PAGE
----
1.1.4. Nodulation of Grain Legumes

Drought causes rhizobia to alter morphologically, resulting in a decrease in infection and nodulation of legumes [13]. The quantity of infection threads in faba bean significantly declined due to lowered soil moisture. Drought also reduced the exterior diameter of soybean nodules and resulted in the loss of lenticels [11].

1.2. Physiological Effects

1.2.1. Leaf Temperature

When grain legumes are stressed by water, the temperature of their leaves rises. Drought-stressed plants had greater leaf temperatures than well-watered plants. It varies among the species, even among the variety of the same species.

1.2.2. Water-Use Efficiency

Water-use efficiency at the plant level is defined as the ratio of dry matter produced to water consumed [14]. Drought-tolerant plants keep their water-use efficiency up by limiting water loss. However, when plant development was hampered to a larger level, water-use efficiency was dramatically lowered [3].

1.2.3. Chlorophyll Content

Drought-induced chlorophyll depletion has long been thought to be a sign of pigment photo-oxidation and chlorophyll degradation [15]. Drought stress causes a decrease in chlorophyll content, which varies according on the length and extent of the drought [4]. Drought stress during the vegetative stage reduced chlorophyll a, chlorophyll b and total chlorophyll content in both the vegetative and flowering stages, but stress during anthesis affected these contents at plant developmental stage. The lack of impact on the chlorophyll a/b ratio suggests that chlorophyll b is not more drought-sensitive than chlorophyll a [12]. It appears to be affected by the type of crop and cultivar.

1.2.4. Photosynthesis

Drought has an impact on the photosynthetic apparatus by affecting all of its primary components, including stomatal CO2 supply regulation, electron transport and the carbon-reduction cycle (Figure 3) [16]. Drought stress results in a reduction in total chlorophyll concentration, implying a reduced ability for light harvesting and thus reduced photosynthesis [4]. During drought, partial stomatal closure or mesophyll cell collapse owing to turgor loss demonstrates variation in leaf photosynthesis [3]. The carboxylation process and ribulose-1,6-bisphosphate (RuBP) regeneration are suppressed as a result of this condition, and photorespiration increases [11]. Rubisco binding inhibitors become more active when tissue water content is reduced (Figure 3). Furthermore, non-cyclic electron transport is inhibited to match the lower NADPH production requirements, lowering ATP synthesis [3].
Figure 3. Physiological effects of drought stress in grain legumes. Pyruvate-phosphate dikinase (PPDK), fructose 1,6-bisphosphatase (FBPase), NADP-malic enzyme (NADP-ME), phosphenol-pyruvate carboxylase (PEPcase) and ribulose-1,5-bisphosphate carboxylase-oxygenase (Rubisco) (modified from Farooq et al. [3]; Fathi and Tari [4]).

1.2.5. Transpiration and Stomatal Conductance

Water intake from the soil is reduced as a result of the lower leaf area, and transpiration is lowered [4]. Except in the dry treatment, transpiration increased as the water content grew in the common bean. In partially dry and moderately hydrated conditions in the lablab, evaporation increased somewhat with increasing water content, whereas transpiration rose in partially and fully hydrated situations [17]. As one of the initial responses of plants to drought is stomatal closure, which restricts gas exchange between the atmosphere and the inside of the leaf, transpiration and stomatal conductance are reduced in three types of chickpea when they were uncovered to drought stress [12].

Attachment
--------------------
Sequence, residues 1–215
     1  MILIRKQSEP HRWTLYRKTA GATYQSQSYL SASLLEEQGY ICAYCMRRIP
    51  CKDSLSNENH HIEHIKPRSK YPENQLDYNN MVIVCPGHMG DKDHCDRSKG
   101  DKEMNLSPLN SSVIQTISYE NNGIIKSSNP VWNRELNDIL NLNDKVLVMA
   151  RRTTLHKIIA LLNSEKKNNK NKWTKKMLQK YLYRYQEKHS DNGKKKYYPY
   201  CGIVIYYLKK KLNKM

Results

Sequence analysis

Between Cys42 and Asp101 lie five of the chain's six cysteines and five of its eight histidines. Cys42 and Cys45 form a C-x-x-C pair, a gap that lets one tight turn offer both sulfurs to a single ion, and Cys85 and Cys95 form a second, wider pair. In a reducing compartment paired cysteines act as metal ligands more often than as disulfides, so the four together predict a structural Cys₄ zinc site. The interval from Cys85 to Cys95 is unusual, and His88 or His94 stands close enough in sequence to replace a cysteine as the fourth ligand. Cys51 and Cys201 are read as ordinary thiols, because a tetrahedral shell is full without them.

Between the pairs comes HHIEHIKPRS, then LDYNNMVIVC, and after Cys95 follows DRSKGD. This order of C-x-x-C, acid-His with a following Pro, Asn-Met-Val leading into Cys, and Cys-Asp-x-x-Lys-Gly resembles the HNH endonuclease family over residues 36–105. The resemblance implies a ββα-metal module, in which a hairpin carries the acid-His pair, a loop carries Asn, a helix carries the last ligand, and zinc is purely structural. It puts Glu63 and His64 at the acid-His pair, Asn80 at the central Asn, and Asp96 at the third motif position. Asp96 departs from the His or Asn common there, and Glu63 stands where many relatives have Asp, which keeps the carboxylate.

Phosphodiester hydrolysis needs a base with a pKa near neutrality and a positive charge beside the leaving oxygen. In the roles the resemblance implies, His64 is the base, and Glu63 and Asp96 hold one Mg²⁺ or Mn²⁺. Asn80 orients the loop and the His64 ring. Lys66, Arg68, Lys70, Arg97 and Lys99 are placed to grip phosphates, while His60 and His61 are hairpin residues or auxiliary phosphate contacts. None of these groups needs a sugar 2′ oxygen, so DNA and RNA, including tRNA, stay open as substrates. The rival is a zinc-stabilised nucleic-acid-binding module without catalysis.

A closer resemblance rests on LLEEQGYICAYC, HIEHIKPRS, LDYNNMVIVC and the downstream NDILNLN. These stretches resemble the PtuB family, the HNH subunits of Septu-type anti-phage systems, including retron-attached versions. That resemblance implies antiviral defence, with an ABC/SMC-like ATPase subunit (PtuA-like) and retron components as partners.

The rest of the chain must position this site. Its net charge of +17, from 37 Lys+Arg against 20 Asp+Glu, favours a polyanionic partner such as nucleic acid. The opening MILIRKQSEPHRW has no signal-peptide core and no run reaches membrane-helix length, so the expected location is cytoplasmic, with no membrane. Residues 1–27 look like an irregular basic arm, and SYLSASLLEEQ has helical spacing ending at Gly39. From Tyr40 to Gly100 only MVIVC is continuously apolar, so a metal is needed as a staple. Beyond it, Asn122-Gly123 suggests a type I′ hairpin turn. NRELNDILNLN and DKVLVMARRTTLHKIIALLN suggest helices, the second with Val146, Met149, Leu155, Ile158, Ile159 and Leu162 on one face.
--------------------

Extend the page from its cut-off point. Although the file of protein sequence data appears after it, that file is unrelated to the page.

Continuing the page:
1.2.6. Plant–Water Relations

Plant–water relations are influenced by a variety of factors, including relative water content, stomatal resistance, leaf water potential, rate of transpiration, leaf temperature and canopy temperature. In fact, while lower water availability affects other aspects of plant–water relations, stomatal opening and closure are impacted more severely. Furthermore, the management of leaf water status during drought stress may be influenced by changes in leaf temperature [3]. Water stress was thought to be higher in cells with a higher water potential. The common bean appeared to be the most stressed due to higher water potential under partially water treatment, but the cell water potential of cowpea and lablab remained constant [17].

1.2.7. Plant Nutrient Relations

Drought stress, in summary, lowers nutrition availability, absorption, translocation and metabolism. For example, due to a decrease in the availability of assimilates and oxygen flow into the nodules of legumes, drought reduces biological N-fixation. Drought also limits the (i) leaf nitrate reductase activity and root nitrate levels, resulting the decrease in nitrogen availability; and (ii) carbohydrates’ availability to nodules and the activity of the sucrose synthase enzyme, which hydrolyzes sucrose in nodules resulting a drop in nitrogenase activity [18]. Moreover, drought stress lowered the nutrient-use efficiency of grain legume by lowering nitrate reductase, sucrose synthase and the legume–rhizobium symbiotic association [18].

1.3. Morpho-Physiological Effects

1.3.1. Growth Stages